Agriculture and Human Values 27 (4):475-487 (2010)

Fair trade banana farming in the Windward Islands of the Caribbean has emerged since the late 1990s in response to a crisis. Rulings by the World Trade Organization ended a longstanding trade dispute between the US and the EU by eliminating a system of preferential access of Windward Island bananas to the UK market. What followed was a period of rapid decline in banana exports from these small islands and a widespread abandonment of banana cultivation. Those banana farmers who remain are now primarily fair trade producers. Fair trade banana production in the Windward Islands can thus be conceived as a survival strategy that farmers have developed in response to a particular instance of neoliberal globalization. The paper considers this response especially in the context of recent fieldwork on the island of St. Vincent. In light of contributions by several scholars who have drawn upon the work of Polanyi to understand both fair trade and resistance to neoliberalism, fair trade banana production in the Windward Islands appears significant not only as a local survival strategy, but also as part of a larger countermovement that resists neoliberal globalization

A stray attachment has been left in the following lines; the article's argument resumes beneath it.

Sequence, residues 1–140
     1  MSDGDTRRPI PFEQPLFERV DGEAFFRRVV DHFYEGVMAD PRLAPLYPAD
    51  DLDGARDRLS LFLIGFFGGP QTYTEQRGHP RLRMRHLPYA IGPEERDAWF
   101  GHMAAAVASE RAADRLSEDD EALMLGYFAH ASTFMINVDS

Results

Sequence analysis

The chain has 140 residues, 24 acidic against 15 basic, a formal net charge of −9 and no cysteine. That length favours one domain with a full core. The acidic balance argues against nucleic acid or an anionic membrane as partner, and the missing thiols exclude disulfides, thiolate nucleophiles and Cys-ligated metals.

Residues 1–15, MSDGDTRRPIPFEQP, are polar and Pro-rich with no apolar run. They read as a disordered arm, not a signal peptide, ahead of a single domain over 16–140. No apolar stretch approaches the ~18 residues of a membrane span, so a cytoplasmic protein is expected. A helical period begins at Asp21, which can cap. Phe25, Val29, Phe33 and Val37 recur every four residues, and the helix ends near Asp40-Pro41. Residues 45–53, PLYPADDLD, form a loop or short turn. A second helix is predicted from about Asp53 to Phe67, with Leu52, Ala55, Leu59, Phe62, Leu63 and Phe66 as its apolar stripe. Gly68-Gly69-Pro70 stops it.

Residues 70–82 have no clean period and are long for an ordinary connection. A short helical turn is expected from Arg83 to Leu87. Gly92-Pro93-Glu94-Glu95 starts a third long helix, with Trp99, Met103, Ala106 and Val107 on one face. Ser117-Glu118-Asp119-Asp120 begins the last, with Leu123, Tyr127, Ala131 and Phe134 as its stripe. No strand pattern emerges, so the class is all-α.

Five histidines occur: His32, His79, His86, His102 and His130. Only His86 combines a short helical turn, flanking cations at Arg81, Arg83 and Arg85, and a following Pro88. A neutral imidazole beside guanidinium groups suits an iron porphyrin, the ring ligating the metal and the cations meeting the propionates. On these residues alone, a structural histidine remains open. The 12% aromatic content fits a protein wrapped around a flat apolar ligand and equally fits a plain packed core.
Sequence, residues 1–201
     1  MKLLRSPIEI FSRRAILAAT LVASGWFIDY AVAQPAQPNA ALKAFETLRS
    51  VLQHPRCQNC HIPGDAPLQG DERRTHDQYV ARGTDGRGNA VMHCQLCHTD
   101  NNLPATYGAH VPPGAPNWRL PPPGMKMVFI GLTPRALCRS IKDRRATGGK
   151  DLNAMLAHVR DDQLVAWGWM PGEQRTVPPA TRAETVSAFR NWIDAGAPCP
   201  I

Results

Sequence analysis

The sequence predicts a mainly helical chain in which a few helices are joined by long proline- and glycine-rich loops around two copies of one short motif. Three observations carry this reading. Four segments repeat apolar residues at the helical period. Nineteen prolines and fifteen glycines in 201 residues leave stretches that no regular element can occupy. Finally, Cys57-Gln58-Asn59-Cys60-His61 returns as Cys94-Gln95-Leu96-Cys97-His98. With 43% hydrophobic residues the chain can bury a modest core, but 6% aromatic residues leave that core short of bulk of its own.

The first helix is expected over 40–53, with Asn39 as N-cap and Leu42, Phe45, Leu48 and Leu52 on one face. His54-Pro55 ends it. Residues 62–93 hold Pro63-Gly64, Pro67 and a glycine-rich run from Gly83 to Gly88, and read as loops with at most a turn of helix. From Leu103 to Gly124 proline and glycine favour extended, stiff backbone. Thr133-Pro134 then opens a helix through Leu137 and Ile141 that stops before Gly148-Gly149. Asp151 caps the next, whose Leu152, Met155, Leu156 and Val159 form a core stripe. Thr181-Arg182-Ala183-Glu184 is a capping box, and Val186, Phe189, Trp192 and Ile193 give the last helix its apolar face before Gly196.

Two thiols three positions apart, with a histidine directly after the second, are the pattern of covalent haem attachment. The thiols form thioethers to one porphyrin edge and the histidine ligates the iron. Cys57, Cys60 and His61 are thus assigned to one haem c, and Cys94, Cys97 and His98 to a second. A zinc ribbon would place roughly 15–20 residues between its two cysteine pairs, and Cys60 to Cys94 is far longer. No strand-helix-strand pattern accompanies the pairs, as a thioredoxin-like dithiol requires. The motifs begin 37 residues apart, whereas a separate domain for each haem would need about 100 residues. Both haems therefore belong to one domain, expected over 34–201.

Keywords Banana farming  Fair trade  Globalization  Global justice  Neoliberalism  Polanyi  St. Vincent  Windward Islands
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DOI 10.1007/s10460-009-9246-1
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